Friday, 23 January 2009

Anne Begg's Week

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Week beginning 19th January – Obamamania.

On Monday, my Select Committee began to take evidence for the inquiry into the Equalities Bill. However, there was no escaping from the Obama effect this week

On Tuesday morning Obama’s achievement dominated the first public meeting of the Speaker’s Conference of which I am vice-chair. We had Operation Black Vote, RADAR and the Women’s Institute giving evidence on how we can get more women, disabled people and people from ethnic minorities into Parliament. The theme was ‘If he can do it, so can we’.

At 4.30pm later that day I was Chairing a European Scrutiny Committee on “Food for deprived areas”. It could have lasted for two and a half hours but we finished at 5pm just as Obama was being sworn in. However, within minutes the division bells began to ring and we all had to go off to vote. I got through the lobby just in time to catch the end of his speech. It seemed that every monitor in the Palace of Westminster was tuned into the event

I had an All Party Equalities Group meeting on Wednesday where we discussed the use of public sector procurement to encourage the private sector to embed equality in their employment practices. Later that day, I also found myself in front of the cameras as we recorded an interview with BBC Parliament about the Speaker’s Conference. It should be going out on Friday evening and I will put up a link to it here as soon as it goes up.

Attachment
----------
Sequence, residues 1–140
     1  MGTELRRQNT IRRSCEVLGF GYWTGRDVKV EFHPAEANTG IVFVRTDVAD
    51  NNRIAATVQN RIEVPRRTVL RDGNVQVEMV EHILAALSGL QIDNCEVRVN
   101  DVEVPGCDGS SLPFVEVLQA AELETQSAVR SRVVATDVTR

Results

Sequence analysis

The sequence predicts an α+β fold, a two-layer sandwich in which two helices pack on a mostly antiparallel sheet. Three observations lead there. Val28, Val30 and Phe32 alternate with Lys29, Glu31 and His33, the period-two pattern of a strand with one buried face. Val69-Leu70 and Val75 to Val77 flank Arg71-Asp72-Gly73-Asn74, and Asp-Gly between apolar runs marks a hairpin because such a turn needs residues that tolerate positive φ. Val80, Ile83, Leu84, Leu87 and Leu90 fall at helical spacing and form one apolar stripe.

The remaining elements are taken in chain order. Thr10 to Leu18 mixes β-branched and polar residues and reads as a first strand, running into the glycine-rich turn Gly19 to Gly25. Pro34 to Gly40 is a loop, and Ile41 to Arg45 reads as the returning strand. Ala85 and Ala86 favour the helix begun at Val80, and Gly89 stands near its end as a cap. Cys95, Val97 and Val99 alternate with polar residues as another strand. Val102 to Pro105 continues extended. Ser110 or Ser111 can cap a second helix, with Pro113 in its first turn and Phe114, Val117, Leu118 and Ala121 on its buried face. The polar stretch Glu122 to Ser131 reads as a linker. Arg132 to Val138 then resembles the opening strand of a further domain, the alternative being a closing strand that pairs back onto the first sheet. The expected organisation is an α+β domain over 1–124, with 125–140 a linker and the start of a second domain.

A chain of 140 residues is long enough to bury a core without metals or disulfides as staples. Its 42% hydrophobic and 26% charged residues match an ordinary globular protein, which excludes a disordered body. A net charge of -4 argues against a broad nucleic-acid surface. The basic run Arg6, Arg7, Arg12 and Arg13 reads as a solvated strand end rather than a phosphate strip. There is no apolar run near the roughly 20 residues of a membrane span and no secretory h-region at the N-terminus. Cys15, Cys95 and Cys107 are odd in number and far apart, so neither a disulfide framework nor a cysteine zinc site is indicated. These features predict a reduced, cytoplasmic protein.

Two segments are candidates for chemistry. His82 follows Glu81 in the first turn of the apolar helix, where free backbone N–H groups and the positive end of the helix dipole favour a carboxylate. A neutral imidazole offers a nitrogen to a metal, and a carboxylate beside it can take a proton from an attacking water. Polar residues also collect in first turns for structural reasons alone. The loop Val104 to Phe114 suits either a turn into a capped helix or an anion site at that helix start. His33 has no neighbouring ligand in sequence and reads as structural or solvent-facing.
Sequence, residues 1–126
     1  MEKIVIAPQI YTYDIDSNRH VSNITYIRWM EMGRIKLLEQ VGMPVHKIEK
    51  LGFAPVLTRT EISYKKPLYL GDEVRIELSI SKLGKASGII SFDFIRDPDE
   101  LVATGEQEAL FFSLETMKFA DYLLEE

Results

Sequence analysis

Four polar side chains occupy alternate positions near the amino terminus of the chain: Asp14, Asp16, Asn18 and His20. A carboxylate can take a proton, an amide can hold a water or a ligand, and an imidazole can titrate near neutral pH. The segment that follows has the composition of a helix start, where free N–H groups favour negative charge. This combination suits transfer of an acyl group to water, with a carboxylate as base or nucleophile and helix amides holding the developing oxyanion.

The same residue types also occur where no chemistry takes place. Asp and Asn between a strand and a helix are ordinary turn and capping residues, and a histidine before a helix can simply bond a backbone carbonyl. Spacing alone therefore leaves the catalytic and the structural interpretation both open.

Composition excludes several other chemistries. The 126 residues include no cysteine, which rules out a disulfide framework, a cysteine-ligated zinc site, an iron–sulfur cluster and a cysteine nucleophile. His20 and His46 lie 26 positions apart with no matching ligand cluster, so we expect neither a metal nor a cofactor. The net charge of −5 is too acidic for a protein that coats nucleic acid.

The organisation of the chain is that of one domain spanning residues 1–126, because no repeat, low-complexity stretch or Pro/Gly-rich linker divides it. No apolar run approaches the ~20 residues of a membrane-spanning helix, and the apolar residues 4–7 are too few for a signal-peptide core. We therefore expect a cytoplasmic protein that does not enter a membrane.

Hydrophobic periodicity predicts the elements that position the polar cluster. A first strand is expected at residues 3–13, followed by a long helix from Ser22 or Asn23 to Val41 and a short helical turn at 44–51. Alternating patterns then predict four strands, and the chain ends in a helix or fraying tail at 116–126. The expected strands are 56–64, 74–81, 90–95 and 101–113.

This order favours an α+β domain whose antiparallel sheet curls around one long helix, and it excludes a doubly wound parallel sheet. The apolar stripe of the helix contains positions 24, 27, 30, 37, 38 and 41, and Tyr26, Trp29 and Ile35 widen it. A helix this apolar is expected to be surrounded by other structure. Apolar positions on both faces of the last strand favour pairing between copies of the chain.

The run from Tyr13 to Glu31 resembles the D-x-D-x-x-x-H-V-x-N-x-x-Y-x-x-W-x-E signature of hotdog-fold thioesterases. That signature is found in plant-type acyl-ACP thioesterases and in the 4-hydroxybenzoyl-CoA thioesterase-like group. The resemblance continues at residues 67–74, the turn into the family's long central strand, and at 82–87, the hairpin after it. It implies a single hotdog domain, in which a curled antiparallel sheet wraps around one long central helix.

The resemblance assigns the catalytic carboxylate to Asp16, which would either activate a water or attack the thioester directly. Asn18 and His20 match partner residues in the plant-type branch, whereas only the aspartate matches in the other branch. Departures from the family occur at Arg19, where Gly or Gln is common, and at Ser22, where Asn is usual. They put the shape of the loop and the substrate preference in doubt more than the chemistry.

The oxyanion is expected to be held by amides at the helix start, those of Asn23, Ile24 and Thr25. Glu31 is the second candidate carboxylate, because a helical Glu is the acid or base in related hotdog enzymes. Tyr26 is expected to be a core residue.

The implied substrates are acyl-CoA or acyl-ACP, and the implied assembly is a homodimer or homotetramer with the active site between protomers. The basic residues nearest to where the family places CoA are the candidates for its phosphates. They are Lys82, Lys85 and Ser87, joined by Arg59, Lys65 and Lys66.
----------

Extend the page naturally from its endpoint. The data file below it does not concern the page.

Despite all this, the undoubted highlight of my week was an event at Dover House, the home of the Scotland Office in Whitehall. I just thought I was going to a launch of a new coin and set of stamps to commemorate the 250th anniversary of the birth of Robert Burns. The event also included entertainment from school children who had been winners of the Burns Federation Competition. Unexpectedly, there was a good turnout from Aberdeen, and my constituency in particular. One performer was a young 9 year old boy from Peterculter Primary School who played a set of bagpipes which seemed bigger than he was. His name is Calum Brown and, as it turns out, I had met him before when he was a new-born baby and his mother was threatened by deportation! I can assure you it was quite an emotional reunion.

After Wednesday’s events Thursday was fairly quiet comparatively, but I will have an especially frenzied schedule on Friday with constituent surgeries in the morning and afternoon interspersed with other meetings in the constituency.

It's good to see Parliament taking diversity in office seriously [see Tuesday], the best way (in my opinion) to make sure that everyone is treated equally in a fair and equitable society is to make sure that they are properly represented by a diverse legislative body. There are simply too many white men in the House of Commons and I think any move towards balance is a good thing.

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